Washington’s reception for President Hu Jintao’s upcoming state visit is under careful preparation, including a morning rehearsal on the South Lawn of the White House, a gesture seen as rare.
The United States will roll out the full set of ceremonial performances in honor of Hu’s arrival on Jan 18, according to China News Service.
In a phone conversation on Saturday, State Councilor Dai Bingguo and US National Security Adviser Tom Donilon discussed preparations for the Chinese leader’s four-day visit.
After a meeting with US President Barack Obama in Washington, Hu is scheduled to visit the Midwestern city of Chicago.
“We will show him how China has invested in our city, both in jobs and economic development,” said Richard Daley, mayor of Chicago. “The investment of China helps us tremendously in job creation and keeping jobs,” he told Xinhua in an interview.
“It’s a nonsense that China has taken everything now they are investing in our country, that’s (what) we have to show,” said Daley, 69, who has served as Chicago’s mayor for 22 years.
Earlier, US Secretary of State Hillary Clinton delivered a speech on Sino-US relations over the weekend in Washington, affirming the positive outlook for bilateral ties, as well as pointing out Washington’s concerns.
Clinton said now is a critical time in which choices made by the two nations “will shape the trajectory of this relationship”.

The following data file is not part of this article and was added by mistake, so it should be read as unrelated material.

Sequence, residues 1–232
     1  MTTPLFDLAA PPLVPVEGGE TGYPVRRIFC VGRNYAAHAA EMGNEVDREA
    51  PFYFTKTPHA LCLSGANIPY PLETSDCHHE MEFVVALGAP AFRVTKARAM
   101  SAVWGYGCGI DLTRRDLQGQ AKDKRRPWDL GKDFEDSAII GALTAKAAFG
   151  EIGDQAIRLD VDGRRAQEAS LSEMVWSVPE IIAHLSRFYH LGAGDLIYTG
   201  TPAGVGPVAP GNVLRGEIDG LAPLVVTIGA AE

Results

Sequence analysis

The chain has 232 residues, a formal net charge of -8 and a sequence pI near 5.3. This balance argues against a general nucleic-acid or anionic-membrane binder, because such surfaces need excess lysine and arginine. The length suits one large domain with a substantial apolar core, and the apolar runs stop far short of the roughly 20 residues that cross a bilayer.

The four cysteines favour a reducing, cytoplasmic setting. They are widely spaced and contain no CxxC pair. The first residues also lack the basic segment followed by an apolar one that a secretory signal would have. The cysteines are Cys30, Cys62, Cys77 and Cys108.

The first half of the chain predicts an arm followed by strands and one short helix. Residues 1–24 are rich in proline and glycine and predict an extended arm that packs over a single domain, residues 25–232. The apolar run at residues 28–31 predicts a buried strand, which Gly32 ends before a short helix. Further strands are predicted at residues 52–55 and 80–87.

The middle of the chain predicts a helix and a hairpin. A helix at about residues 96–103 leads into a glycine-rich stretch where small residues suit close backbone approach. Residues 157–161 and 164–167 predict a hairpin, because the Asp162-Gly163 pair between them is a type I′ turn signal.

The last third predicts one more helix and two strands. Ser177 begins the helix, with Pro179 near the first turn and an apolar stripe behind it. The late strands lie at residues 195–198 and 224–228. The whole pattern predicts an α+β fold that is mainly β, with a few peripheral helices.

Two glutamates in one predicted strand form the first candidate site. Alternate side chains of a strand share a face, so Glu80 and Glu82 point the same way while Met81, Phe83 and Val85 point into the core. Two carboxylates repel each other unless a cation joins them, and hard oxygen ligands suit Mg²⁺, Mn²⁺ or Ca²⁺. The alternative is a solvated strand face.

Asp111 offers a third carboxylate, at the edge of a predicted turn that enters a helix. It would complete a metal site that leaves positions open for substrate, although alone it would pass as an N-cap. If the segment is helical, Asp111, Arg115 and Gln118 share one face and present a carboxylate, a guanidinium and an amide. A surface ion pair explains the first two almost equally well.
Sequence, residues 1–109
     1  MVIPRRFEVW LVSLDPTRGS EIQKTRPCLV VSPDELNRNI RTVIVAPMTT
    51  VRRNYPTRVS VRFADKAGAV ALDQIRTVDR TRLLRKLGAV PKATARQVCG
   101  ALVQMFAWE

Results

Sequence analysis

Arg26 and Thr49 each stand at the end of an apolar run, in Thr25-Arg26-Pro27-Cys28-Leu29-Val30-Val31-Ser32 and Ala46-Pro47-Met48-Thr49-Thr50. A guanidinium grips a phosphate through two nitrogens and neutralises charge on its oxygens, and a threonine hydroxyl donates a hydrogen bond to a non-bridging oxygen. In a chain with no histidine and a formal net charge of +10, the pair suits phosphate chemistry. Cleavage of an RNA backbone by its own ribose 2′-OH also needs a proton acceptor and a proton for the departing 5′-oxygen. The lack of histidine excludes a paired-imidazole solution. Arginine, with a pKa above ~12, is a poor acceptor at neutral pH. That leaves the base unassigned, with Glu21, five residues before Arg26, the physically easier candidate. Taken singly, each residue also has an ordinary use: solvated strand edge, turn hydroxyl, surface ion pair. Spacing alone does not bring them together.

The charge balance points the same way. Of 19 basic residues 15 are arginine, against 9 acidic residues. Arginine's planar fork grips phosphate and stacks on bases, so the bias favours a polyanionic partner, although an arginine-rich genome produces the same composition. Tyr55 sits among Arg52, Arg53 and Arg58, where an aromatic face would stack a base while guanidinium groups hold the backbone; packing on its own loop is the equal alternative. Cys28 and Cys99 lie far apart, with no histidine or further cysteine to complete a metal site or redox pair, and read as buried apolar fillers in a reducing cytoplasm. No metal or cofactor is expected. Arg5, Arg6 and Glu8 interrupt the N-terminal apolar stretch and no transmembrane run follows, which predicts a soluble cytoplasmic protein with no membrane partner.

In her speech, Clinton acknowledged both “early successes” and “frustrations” in Sino-US cooperation over the past two years.
Clinton dismissed both the “China threat” and “US containment” concepts, saying her government “reject those views”. “In the 21st century, it does not make sense to apply zero-sum 19th century theories of how major powers interact,” she added, asking for a “new way of understanding”.
While addressing differences, Clinton said Beijing and Washington have to “avoid unrealistic expectations that can be disappointed while holding firm on our values”.
In the meantime, some former US politicians also called for a constructive attitude toward the visit.
The Washington Post published Henry Kissinger’s article on “avoiding a US-China cold war”, in which the 87-year-old former secretary of state proposed to “create a tradition of respect and cooperation”.
Similarly, in the New York Times, former US national security adviser Zbigniew Brzezinski compared the importance of Hu’s upcoming visit with former Chinese leader Deng Xiaoping’s historic trip some 30 years ago.
Like many other observers, he stressed it is the mutual needs rather than differences that the two sides should focus on.
“Neither side should delude itself that it can avoid the harm caused by increased mutual antagonism; both should understand that a crisis in one country can hurt the other,” the 82-year-old wrote.